When you go to a trade show, you ask your vendors what’s new, right? Of course you do. Merchandising consultant Larry B. Johnson says the best way to draw customer interest from regular clients is to put a whiteboard on an easel (total cost: $79) just inside your door with all of your new products written on it.

MANAGEMENTYes, They Want The Bad News First

When you’re delivering good news and bad news to employees, always give the bad news first, says Daniel Pink, author of When: The Scientific Secrets of Perfect Timing. Pink acknowledges that many bosses hope to cushion the bad stuff to come. “But that is wrong,” he explained to The Washington Post. “If you ask people what they prefer, four out of five prefer getting the bad news first. The reason has to do with endings. We prefer endings that go up, that have a rising sequence rather than a declining sequence.”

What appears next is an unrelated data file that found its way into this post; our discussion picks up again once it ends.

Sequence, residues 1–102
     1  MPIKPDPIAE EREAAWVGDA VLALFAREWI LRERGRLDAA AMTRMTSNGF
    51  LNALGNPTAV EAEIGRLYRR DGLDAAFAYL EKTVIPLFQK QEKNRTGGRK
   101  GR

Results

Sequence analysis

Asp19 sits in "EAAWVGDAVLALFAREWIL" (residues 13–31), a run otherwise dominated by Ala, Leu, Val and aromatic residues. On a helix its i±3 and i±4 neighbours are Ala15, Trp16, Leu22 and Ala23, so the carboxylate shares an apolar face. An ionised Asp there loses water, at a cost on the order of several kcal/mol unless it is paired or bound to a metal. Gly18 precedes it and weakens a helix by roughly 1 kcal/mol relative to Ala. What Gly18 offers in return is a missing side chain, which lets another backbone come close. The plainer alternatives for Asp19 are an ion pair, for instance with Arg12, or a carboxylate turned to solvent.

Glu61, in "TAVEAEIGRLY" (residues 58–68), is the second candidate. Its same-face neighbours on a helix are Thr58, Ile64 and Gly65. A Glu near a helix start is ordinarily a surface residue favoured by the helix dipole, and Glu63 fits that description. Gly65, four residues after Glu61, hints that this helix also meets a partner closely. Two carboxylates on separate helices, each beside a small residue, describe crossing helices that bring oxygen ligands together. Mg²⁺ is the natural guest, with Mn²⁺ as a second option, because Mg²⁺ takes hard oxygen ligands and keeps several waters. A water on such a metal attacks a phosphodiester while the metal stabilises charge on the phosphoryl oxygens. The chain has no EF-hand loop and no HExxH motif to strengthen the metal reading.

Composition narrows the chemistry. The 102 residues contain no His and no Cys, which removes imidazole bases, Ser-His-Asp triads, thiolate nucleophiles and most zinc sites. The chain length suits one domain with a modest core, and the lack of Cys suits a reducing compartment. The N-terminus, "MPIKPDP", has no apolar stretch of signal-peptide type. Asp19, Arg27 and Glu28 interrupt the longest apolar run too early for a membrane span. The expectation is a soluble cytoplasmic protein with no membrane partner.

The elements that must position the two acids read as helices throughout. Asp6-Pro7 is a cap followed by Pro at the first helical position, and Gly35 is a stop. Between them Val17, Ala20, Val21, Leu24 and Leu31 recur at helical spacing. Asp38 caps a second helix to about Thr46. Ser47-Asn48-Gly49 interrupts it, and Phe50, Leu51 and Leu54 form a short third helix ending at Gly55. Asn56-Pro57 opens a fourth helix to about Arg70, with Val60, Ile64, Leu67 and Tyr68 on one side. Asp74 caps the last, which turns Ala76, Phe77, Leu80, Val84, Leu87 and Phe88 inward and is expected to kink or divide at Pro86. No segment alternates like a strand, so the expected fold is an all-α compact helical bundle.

RECRUITINGAdjust Your Expectations

The strong economy, heightened competition for good employees, and societal changes mean the guidelines you used to hire may not be as useful as they once were, says Kate Peterson of consultancy Performance Concepts. “Employment history can’t be interpreted the way it used to be,” she says, noting that workers are much less likely to hold jobs for long periods of time. “Stop tossing applications because the candidate has had five jobs in the past 10 years. It’s the way of the world today.”

Continue Reading

Most Popular